When you are first out of drug and/or alcohol treatment, transitioning into everyday life will be one of the most difficult things to overcome. However, there are a few things that the individual should know about the process.
When you are back at your normal life without 24/7 guidance and supervision, it is easy to get the blues and feel somewhat bored. Just know that this bout of depression is natural and typically only happens for a few weeks within the first year of sobriety. It is important to keep in mind that depression can make it more difficult to focus on your meetings or group therapy sessions. It is best to speak to your doctor and sponsor about this complication.
Scheduling is the New Normal
During your transition, scheduling is going to be critical to your recovery. Be sure to schedule about three 12-Step meetings a week in the first few weeks. Besides scheduling meetings, it’s also important that you schedule your time wisely. You don’t want to get bored and look for that clutch that you typically looked for when you were in boredom situations. You have to set yourself up with new, daily home routines and not feel compelled to go back to your exact, old routine. Give yourself time to get adjusted, you’re on your own schedule and no one else’s.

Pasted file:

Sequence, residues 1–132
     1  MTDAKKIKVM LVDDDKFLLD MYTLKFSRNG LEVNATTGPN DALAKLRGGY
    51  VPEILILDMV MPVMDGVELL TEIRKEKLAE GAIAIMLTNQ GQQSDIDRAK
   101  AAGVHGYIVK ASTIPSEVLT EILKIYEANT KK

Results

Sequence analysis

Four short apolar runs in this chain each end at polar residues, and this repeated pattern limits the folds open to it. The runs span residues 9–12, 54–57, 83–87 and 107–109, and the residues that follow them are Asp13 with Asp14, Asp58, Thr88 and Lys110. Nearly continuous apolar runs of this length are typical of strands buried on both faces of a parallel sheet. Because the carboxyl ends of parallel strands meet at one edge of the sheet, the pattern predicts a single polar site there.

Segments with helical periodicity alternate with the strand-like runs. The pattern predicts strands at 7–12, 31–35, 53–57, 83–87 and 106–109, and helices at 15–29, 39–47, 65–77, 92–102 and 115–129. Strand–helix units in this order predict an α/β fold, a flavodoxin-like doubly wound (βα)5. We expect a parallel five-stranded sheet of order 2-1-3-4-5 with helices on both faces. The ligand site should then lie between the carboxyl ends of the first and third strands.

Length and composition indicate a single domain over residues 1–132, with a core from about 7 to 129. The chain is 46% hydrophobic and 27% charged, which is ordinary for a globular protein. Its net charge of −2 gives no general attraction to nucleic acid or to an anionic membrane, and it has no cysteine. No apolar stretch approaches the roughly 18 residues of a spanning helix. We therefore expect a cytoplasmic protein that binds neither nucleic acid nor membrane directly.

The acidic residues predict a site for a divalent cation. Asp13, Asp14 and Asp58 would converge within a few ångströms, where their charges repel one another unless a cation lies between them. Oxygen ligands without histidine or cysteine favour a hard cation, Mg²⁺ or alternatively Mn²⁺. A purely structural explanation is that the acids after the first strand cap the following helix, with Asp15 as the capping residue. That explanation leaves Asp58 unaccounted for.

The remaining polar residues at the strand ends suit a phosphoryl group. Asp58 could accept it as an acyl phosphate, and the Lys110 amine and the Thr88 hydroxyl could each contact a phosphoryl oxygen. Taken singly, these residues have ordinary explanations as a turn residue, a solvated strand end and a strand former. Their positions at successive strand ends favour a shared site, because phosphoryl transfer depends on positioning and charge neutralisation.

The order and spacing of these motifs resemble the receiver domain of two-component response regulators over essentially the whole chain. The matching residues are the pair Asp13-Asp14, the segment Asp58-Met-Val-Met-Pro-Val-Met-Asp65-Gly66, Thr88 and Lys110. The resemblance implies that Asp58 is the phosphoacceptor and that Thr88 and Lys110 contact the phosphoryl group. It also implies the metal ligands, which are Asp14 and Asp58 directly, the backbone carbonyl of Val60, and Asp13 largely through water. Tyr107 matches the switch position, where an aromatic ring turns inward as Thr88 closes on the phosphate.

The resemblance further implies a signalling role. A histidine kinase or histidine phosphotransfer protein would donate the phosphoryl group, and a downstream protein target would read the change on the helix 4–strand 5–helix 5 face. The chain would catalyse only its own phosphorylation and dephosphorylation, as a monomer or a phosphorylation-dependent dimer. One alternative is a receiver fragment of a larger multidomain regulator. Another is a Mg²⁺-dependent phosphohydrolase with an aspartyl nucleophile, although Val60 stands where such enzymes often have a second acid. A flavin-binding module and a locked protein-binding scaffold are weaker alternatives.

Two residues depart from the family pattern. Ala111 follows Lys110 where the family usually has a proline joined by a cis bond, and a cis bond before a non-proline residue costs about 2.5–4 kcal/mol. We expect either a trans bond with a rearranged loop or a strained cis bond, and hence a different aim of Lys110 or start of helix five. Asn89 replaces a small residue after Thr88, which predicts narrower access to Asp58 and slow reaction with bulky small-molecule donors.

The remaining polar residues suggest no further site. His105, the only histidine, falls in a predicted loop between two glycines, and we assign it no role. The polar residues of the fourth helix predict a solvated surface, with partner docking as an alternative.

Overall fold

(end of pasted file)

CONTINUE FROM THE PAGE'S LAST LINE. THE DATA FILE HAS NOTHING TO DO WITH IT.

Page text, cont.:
Keep Working Those Steps
During the first 90 days of your recovery of drugs and alcohol, there is always the danger of relapsing. The best way to avoid this is to focus on your recovery each and every day. Going to meetings, following the 12-Steps, working with your sponsor, and keeping your eyes on the bigger picture are all things to focus on. Surround yourself with family, friends, and other positive influences in your life to help keep you on the right path.
Don’t Get Too Cocky
If after a few weeks or even a few months, you start to feel confident enough to the point where you think you can go with your friends to a place like a bar and not be tempted, think again. Don’t even allow yourself the opportunity to be tempted. It’s best to just find something else to do and stay away from all temptations of any kind.
Don’t Fall for Cravings
Recognize your triggers and know the ways to navigate around them. Have a backup plan when you start to feel uneasy and a backup plan to get you out of those uncomfortable situations. Note whether or not your friends who still use are a trigger and visit them in a substance-free environment. Soon enough, you are likely to make new friends who are also in recovery.
The first year of recovery can be a tough one. But no matter what, it is important to celebrate the little things. Know that there will be good days and bad days, and that’s okay. But if you continue working the steps and focusing each and every day on your recovery and enjoy your sobriety and the joy it brings to your life. Celebrate safely and smartly!